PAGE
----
The early development and physiology of Xenopus laevis tadpole lateral line system

Valentina Saccomanno, Heather M Love, Amy L Sylvester, Wen-Chang Li*

*Corresponding author for this work

Research output: Contribution to journalArticlepeer-review

4 Citations (Scopus)
20 Downloads (Pure)

Abstract

Xenopus laevis has a lateral line mechanosensory system throughout its full life cycle, and a previous study on prefeeding stage tadpoles revealed that it may play a role in motor responses to both water suction and water jets. Here, we investigated the physiology of the anterior lateral line system in newly hatched tadpoles and the motor outputs induced by its activation in response to brief suction stimuli. High-speed videoing showed tadpoles tended to turn and swim away when strong suction was applied close to the head. The lateral line neuromasts were revealed by using DASPEI staining, and their inactivation with neomycin eliminated tadpole motor responses to suction. In immobilized preparations, suction or electrically stimulating the anterior lateral line nerve reliably initiated swimming but the motor nerve discharges implicating turning was observed only occasionally. The same stimulation applied during ongoing fictive swimming produced a halting response. The anterior lateral line nerve showed spontaneous afferent discharges at rest and increased activity during stimulation. Efferent activities were only recorded during tadpole fictive swimming and were largely synchronous with the ipsilateral motor nerve discharges. Finally, calcium imaging identified neurons with fluorescence increase time-locked with suction stimulation in the hindbrain and midbrain. A cluster of neurons at the entry point of the anterior lateral line nerve in the dorsolateral hindbrain had the shortest latency in their responses, supporting their potential sensory interneuron identity. Future studies need to reveal how the lateral line sensory information is processed by the central circuit to determine tadpole motor behavior.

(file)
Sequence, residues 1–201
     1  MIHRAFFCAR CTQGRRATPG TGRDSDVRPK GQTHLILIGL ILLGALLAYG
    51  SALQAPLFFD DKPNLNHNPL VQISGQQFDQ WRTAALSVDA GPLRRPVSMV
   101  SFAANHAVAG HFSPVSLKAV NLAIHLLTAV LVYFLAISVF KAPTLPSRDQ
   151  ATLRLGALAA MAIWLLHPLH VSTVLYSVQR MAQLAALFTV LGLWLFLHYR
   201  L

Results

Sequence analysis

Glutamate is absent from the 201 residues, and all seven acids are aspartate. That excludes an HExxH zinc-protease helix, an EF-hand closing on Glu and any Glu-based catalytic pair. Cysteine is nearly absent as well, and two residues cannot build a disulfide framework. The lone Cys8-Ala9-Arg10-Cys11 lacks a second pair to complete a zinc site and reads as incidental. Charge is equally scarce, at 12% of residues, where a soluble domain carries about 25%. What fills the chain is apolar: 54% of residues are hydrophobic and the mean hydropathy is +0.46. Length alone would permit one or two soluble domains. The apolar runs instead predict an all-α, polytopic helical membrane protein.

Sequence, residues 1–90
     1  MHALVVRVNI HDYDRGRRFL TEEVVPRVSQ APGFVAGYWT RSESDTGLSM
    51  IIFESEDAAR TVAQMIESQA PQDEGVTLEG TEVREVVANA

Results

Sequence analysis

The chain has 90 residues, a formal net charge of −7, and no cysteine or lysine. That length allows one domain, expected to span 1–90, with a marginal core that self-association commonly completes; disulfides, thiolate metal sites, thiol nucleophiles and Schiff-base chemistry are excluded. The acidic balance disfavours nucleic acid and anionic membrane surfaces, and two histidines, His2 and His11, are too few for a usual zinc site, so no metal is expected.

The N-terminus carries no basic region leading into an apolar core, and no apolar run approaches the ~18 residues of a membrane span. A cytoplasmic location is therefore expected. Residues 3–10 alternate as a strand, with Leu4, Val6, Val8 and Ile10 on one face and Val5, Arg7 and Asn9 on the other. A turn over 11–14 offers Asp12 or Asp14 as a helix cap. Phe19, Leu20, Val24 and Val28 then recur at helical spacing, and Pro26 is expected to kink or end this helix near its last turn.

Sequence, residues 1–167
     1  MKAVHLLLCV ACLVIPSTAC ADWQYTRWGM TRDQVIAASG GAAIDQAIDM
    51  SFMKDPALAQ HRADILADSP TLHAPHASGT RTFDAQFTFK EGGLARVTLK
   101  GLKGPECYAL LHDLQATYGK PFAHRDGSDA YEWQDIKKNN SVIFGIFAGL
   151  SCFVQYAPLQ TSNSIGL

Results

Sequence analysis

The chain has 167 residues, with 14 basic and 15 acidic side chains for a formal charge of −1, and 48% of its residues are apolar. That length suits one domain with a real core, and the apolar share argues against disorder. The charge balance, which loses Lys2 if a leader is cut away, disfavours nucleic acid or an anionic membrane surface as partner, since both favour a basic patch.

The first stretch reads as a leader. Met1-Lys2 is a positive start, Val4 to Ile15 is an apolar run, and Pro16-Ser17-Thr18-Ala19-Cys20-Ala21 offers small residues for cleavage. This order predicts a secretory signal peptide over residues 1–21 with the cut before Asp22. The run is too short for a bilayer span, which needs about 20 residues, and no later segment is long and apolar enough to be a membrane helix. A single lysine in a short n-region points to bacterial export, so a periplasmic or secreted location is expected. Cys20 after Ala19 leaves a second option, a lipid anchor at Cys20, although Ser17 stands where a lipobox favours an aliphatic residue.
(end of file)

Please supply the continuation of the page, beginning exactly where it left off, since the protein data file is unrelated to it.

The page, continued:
Original languageEnglish
Pages (from-to)1814-1830
Number of pages17
JournalJournal of Neurophysiology
Volume126
Issue number5
DOIs
Publication statusPublished - 17 Nov 2021

Keywords

  • Lateral line
  • Xenopus laevis
  • Tadpole
  • Hindbrain
  • Afferent

Fingerprint

Dive into the research topics of 'The early development and physiology of Xenopus laevis tadpole lateral line system'. Together they form a unique fingerprint.

Cite this